In Seth Godin's upcoming book, The Dip, he writes about knowing when to quit. Knowing when to get out of a market that is slowing or shrinking. Knowing when to leave an industry, product, service. Seth quotes Vince Lombardi at the start of this 100 page book, “Quitters never win, and winners never quit.”.
"And Godin’s verdict on the great Lombardi’s views? “Bad advice.” ...Godin’s counter-intuitive insight is simply this: winners do quit, they quit all the time, it’s just that they pick the right moment and the right place to quit, so that they can concentrate their fire on an area where winning is a much more likely (and indeed more profitable) outcome. The book’s title refers to that low point in any task or project where we have to decide whether to carry on with what we are doing - in the hope of overcoming a dip - or whether we should in fact abandon the work in hand and move on. One of our biggest problems, Godin says, is that we fail to recognise when a dip is in fact a cul-de-sac, a dead end. He hails Jack Welch, former chief executive of General Electric, as a boss who knew when certain business units were coming up against a dead end. “Be number one or number two in a sector, or get out of it,” was the Welch doctrine. [source]What does this have to do with you? Well, two things actually.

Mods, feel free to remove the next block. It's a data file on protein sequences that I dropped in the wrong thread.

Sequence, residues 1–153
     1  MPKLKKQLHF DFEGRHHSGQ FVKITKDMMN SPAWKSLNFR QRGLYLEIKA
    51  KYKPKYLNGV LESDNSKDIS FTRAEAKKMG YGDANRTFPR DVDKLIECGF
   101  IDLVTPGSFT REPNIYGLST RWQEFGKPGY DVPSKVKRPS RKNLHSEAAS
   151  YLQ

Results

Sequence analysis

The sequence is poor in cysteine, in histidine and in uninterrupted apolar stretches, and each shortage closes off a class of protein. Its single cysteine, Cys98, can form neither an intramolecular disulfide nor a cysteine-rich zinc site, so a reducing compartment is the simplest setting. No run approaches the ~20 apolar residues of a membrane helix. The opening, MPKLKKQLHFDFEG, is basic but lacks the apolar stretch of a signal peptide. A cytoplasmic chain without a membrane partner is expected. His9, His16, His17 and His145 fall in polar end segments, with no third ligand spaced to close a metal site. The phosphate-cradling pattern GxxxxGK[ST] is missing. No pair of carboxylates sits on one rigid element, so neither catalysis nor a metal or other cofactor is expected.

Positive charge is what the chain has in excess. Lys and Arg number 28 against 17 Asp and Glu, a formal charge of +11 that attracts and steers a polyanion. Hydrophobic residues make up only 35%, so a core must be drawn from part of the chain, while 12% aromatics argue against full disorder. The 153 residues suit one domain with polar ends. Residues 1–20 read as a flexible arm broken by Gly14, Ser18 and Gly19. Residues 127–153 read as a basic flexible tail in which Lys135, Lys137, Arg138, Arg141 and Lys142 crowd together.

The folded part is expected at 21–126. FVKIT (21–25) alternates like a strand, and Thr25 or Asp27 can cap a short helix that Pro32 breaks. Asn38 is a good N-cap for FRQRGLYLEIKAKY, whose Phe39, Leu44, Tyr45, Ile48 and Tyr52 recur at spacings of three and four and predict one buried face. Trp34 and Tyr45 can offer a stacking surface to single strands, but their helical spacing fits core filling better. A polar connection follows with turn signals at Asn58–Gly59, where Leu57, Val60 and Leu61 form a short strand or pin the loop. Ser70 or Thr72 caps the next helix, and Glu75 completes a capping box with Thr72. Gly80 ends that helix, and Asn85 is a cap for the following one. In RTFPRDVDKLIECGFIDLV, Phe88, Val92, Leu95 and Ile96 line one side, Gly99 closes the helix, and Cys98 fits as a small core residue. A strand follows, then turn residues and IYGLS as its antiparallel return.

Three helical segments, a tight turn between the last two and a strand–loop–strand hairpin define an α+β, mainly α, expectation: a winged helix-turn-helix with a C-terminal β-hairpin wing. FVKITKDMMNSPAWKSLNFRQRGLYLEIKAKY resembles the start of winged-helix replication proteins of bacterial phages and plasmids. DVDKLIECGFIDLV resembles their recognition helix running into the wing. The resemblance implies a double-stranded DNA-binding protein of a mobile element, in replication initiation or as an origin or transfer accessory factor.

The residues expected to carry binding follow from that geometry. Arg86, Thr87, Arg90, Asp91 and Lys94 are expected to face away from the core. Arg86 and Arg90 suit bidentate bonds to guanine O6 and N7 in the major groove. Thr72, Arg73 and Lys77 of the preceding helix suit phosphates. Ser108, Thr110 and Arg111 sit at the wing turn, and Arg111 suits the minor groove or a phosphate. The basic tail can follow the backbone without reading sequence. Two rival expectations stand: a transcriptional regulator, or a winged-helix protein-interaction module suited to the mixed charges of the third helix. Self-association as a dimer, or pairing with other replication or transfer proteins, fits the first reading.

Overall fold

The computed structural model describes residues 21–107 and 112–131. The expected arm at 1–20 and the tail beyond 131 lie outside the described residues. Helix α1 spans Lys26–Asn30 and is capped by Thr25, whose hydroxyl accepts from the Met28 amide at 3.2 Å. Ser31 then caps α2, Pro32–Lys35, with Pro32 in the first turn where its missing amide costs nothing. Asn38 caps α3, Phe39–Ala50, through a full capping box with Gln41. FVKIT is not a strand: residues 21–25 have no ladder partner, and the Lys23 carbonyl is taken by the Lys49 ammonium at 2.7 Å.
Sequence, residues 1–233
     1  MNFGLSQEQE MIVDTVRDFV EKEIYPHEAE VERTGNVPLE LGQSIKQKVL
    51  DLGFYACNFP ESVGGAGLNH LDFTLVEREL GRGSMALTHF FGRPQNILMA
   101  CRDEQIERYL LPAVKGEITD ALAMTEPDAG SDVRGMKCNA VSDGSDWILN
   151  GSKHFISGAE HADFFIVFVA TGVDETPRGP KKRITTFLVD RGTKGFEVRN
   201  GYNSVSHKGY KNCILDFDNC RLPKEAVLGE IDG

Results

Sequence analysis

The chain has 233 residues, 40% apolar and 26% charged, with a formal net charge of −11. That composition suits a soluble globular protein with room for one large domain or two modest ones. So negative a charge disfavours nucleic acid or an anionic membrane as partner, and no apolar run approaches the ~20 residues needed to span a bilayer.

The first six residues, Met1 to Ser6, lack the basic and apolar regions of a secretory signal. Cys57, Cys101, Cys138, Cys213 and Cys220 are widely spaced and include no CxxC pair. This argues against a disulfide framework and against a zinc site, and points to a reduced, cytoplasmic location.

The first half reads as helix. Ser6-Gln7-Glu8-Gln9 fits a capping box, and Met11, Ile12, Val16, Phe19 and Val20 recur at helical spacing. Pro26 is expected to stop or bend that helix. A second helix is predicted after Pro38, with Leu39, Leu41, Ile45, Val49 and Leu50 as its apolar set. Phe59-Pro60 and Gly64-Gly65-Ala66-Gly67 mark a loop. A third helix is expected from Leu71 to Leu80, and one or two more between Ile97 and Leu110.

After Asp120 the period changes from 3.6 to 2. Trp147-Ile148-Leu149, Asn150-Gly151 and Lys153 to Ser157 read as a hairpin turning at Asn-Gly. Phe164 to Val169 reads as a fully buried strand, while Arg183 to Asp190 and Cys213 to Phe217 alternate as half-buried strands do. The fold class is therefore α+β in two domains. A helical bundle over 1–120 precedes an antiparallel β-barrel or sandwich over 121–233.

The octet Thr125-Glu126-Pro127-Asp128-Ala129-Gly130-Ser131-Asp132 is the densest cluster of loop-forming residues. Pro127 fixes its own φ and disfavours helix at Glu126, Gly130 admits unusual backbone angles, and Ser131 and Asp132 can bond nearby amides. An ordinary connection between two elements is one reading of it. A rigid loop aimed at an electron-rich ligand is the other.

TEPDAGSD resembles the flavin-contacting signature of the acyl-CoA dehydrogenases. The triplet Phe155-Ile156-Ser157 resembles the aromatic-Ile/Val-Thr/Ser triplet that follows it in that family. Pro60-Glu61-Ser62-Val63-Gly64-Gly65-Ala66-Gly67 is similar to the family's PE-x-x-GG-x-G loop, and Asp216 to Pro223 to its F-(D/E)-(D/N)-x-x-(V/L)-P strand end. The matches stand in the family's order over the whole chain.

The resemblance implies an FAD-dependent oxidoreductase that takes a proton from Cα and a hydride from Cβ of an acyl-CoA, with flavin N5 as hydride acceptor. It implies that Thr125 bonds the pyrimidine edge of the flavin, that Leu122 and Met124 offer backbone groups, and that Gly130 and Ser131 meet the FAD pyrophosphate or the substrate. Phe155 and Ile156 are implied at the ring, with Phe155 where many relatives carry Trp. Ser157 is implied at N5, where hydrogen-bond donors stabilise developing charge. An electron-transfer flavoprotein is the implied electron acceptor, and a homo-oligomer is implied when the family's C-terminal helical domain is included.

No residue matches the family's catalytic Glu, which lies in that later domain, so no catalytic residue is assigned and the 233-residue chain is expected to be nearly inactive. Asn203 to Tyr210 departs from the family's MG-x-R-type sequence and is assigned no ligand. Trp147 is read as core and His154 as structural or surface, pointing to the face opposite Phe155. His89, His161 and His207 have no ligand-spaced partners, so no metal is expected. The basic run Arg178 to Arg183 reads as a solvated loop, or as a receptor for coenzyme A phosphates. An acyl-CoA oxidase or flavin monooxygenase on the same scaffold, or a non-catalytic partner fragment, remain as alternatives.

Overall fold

- The "Just Selling Connectivity" business is coming to an end, so what's your (exit) strategy?
- With cable and telco, it is difficult to strive to be #1 or #2, but in Blue Oceans you can be.